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Castanea henryi -
||Botanical references||11, 200, 266|
|Synonyms||Castanopsis henryi - Skan.|
|Known Hazards||None known|
|Range||E. Asia - W. and C. China.|
|Habitat||Mixed mesophytic forests on mountain slopes at elevations of 100 - 1800 metres.|
|Edibility Rating|| 3 (1-5)
||Medicinal Rating|| 0 (1-5)|
It is hardy to zone 6. It is in flower in July, and the seeds ripen in October. The flowers are monoecious (individual flowers are either male or female, but both sexes can be found on the same plant) and are pollinated by Insects.
||A decidious Tree growing to 25m. |
The plant prefers light (sandy), medium (loamy) and heavy (clay) soils, requires well-drained soil and can grow in nutritionally poor soil.
The plant prefers acid and neutral soils and can grow in very acid soil.
It can grow in semi-shade (light woodland) or no shade.
It requires dry or moist soil and can tolerate drought.
Woodland Garden; Canopy;
Edible Parts: Seed.
Seed - raw or cooked[105, 177]. Small[61, 63]. Said to be of excellent eating quality. Eaten raw, there is a distinct astringency, especially if the fleshy inner skin beneath the outer shell of the seed is not removed[K]. When cooked, however, and especially when baked, the seed becomes much sweeter and has a floury texture[K]. It then makes an excellent food and can be used as a staple food in much the same way as potatoes or cereals[K].
Plants For A Future can not take any responsibility for any adverse effects from the use of plants.
Always seek advice from a professional before using a plant medicinally.
The bark, leaves, wood and seed husks all contain tannin.
Wood - valued locally for construction.
Prefers a good well-drained slightly acid loam but succeeds in dry soils[1, 11, 200]. Once established, it is very drought tolerant[1, 11, 200]. Very tolerant of highly acid, infertile dry sands. Averse to calcareous soils but succeeds on harder limestones[11, 200].
Although it is very winter-hardy, this species only really thrives in areas with hot summers. It is very slow growing and small in Britain[11, 200]. A shrub at Kew was 3 metres tall in 1990[K].
Resists endothia blight. Plants in this genus are notably resistant to honey fungus.
An excellent soil-enriching understorey in pine forests.
Flowers are produced on wood of the current year's growth. Plants are fairly self-sterile. They hybridize freely with other members of this genus.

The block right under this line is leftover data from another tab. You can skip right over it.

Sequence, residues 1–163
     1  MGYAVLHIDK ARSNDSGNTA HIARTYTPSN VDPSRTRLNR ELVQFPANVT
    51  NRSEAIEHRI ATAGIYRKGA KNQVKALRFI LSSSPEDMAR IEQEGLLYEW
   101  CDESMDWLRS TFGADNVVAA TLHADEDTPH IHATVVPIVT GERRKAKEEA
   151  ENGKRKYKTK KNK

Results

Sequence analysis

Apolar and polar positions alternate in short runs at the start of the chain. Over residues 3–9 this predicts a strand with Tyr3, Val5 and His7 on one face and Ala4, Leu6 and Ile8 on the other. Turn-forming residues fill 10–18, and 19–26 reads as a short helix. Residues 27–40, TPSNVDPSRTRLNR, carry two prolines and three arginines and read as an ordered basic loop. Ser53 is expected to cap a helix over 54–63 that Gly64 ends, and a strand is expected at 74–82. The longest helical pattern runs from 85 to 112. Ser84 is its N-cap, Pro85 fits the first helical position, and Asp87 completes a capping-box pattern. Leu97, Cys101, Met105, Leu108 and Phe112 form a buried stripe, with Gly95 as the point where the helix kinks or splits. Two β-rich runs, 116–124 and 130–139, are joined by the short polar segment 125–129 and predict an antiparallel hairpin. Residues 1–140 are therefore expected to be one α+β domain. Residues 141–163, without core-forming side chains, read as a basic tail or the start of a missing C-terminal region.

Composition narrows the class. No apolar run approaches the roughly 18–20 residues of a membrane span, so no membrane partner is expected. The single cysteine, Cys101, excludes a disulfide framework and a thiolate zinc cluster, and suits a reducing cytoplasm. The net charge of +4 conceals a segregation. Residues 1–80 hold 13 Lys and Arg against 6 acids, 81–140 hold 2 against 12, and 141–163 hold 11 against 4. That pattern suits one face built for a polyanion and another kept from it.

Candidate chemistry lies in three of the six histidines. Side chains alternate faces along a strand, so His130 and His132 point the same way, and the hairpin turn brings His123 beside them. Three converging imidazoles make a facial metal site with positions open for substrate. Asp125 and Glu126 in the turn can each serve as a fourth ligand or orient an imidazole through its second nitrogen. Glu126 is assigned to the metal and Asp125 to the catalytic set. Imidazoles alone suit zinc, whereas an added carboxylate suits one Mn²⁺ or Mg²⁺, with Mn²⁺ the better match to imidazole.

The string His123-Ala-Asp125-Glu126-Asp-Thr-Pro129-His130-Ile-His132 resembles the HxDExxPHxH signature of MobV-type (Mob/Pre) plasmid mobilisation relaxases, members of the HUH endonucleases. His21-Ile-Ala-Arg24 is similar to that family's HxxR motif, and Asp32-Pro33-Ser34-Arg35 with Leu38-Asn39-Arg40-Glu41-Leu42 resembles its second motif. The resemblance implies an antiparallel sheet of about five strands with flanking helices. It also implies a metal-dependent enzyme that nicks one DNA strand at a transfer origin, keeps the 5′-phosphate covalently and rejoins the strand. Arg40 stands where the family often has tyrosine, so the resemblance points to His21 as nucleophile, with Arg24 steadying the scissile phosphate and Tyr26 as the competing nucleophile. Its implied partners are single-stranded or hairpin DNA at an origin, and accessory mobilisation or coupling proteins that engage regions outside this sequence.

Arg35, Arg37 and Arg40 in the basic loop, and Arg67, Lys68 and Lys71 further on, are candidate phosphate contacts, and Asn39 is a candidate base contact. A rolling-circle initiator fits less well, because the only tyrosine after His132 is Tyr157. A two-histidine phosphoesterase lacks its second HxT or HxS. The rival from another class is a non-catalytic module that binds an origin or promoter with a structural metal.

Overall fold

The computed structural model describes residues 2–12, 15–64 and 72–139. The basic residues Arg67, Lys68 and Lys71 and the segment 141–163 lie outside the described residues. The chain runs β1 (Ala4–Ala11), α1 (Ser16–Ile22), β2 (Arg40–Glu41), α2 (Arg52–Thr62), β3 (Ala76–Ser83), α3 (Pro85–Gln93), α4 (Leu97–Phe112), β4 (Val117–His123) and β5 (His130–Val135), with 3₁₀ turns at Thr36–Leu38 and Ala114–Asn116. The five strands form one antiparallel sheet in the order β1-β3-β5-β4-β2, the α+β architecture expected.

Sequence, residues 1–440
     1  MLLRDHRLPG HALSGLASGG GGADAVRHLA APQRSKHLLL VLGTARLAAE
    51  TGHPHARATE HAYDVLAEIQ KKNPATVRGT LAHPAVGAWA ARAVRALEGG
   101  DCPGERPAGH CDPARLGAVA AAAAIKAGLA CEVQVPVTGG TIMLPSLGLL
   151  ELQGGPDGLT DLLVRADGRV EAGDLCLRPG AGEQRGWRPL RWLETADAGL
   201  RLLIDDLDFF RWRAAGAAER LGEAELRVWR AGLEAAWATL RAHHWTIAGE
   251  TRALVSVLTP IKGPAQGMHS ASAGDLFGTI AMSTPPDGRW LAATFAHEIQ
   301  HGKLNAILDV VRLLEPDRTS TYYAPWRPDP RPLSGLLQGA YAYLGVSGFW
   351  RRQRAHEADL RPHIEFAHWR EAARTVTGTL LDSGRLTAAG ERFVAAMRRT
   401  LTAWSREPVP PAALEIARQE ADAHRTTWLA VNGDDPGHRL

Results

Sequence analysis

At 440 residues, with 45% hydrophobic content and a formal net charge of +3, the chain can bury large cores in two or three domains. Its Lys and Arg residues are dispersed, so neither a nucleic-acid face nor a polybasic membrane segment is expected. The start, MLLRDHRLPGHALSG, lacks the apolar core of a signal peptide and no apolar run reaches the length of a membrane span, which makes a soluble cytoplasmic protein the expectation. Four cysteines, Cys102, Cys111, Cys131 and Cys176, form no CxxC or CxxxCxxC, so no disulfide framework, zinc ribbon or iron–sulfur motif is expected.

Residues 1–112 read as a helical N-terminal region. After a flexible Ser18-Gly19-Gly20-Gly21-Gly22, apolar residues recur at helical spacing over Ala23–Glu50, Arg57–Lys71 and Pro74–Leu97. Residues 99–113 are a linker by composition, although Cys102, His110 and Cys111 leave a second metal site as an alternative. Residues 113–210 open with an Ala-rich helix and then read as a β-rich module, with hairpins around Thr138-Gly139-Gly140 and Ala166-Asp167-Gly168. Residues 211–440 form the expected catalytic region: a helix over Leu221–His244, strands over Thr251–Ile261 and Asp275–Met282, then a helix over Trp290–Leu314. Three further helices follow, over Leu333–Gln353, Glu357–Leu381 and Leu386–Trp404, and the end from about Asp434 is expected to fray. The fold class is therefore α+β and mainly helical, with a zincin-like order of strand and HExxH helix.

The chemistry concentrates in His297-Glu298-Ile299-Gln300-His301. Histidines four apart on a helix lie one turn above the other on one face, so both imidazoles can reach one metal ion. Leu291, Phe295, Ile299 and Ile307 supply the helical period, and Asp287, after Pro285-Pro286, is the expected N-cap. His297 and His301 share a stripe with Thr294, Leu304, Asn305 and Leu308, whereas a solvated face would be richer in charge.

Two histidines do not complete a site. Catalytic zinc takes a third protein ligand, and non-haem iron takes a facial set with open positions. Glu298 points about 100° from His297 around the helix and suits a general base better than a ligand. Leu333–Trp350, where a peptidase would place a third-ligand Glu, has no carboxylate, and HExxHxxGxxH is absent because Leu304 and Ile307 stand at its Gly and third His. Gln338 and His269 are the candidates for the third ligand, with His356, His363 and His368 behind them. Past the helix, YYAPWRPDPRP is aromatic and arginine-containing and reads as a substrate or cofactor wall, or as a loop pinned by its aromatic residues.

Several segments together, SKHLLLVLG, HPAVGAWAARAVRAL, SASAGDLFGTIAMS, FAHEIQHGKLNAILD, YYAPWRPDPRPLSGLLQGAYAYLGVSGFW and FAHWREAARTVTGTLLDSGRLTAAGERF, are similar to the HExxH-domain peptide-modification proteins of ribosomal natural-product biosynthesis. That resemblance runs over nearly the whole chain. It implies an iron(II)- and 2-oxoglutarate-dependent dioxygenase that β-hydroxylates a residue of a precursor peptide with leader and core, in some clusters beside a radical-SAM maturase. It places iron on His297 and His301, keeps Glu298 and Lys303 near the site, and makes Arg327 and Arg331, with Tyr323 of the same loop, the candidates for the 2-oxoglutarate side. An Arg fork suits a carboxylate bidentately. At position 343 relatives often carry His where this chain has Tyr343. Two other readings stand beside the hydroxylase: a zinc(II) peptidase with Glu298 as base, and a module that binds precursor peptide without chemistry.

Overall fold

Seed - where possible sow the seed as soon as it is ripe in a cold frame or in a seed bed outdoors. The seed must be protected from mice and squirrels. The seed has a short viability and must not be allowed to become dry. It can be stored in a cool place, such as the salad compartment of a fridge, for a few months if it is kept moist, but check regularly for signs of germination. The seed should germinate in late winter or early spring. If sown in an outdoor seedbed, the plants can be left in situ for 1 - 2 years before planting them out in their permanent positions. If grown in pots, the plants can be put out into their permanent positions in the summer or autumn, making sure to give them some protection from the cold in their first winter[K].
[K] Ken Fern
Notes from observations, tasting etc at Plants For A Future and on field trips.
 F. Chittendon. RHS Dictionary of Plants plus Supplement. 1956 Oxford University Press 1951
Comprehensive listing of species and how to grow them. Somewhat outdated, it has been replaces in 1992 by a new dictionary (see ).
 Bean. W. Trees and Shrubs Hardy in Great Britain. Vol 1 - 4 and Supplement. Murray 1981
A classic with a wealth of information on the plants, but poor on pictures.
 Usher. G. A Dictionary of Plants Used by Man. Constable 1974 ISBN 0094579202
Forget the sexist title, this is one of the best books on the subject. Lists a very extensive range of useful plants from around the world with very brief details of the uses. Not for the casual reader.
 Howes. F. N. Nuts. Faber 1948
Rather old but still a masterpiece. Has sections on tropical and temperate plants with edible nuts plus a section on nut plants in Britain. Very readable.
 Sheat. W. G. Propagation of Trees, Shrubs and Conifers. MacMillan and Co 1948
A bit dated but a good book on propagation techniques with specific details for a wide range of plants.
 Tanaka. T. Tanaka's Cyclopaedia of Edible Plants of the World. Keigaku Publishing 1976
The most comprehensive guide to edible plants I've come across. Only the briefest entry for each species, though, and some of the entries are more than a little dubious. Not for the casual reader.
 Kunkel. G. Plants for Human Consumption. Koeltz Scientific Books 1984 ISBN 3874292169
An excellent book for the dedicated. A comprehensive listing of latin names with a brief list of edible parts.
 Facciola. S. Cornucopia - A Source Book of Edible Plants. Kampong Publications 1990 ISBN 0-9628087-0-9
Excellent. Contains a very wide range of conventional and unconventional food plants (including tropical) and where they can be obtained (mainly N. American nurseries but also research institutes and a lot of other nurseries from around the world.
 Huxley. A. The New RHS Dictionary of Gardening. 1992. MacMillan Press 1992 ISBN 0-333-47494-5
Excellent and very comprehensive, though it contains a number of silly mistakes. Readable yet also very detailed.
 Elias. T. The Complete Trees of N. America. Field Guide and Natural History. Van Nostrand Reinhold Co. 1980 ISBN 0442238622
A very good concise guide. Gives habitats, good descriptions, maps showing distribution and a few of the uses. It also includes the many shrubs that occasionally reach tree proportions.
 Flora of China 1994
On-line version of the Flora - an excellent resource giving basic info on habitat and some uses.